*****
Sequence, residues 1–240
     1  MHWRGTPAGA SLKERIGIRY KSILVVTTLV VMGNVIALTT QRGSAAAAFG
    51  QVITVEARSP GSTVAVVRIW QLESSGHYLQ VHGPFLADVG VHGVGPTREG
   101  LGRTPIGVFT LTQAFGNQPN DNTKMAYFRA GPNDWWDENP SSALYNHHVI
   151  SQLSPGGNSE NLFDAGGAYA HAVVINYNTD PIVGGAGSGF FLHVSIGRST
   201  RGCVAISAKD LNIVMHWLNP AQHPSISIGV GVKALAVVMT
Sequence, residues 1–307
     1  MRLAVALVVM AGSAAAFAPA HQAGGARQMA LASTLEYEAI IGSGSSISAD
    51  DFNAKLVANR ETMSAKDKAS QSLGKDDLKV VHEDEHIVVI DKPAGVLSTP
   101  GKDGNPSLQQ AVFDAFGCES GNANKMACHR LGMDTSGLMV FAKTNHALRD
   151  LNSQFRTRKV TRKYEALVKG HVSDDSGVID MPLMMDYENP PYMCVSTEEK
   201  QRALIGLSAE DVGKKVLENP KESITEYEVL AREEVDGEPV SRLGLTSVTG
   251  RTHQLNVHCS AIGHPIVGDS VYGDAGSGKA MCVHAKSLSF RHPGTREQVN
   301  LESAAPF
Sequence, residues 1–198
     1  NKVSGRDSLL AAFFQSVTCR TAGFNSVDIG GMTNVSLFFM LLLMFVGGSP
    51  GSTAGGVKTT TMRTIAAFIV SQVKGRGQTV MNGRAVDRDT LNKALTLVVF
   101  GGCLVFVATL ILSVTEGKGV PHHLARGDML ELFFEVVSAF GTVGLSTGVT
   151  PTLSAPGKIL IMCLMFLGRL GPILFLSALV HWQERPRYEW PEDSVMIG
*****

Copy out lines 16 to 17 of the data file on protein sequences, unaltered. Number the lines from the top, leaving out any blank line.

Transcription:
     1  NKVSGRDSLL AAFFQSVTCR TAGFNSVDIG GMTNVSLFFM LLLMFVGGSP
    51  GSTAGGVKTT TMRTIAAFIV SQVKGRGQTV MNGRAVDRDT LNKALTLVVF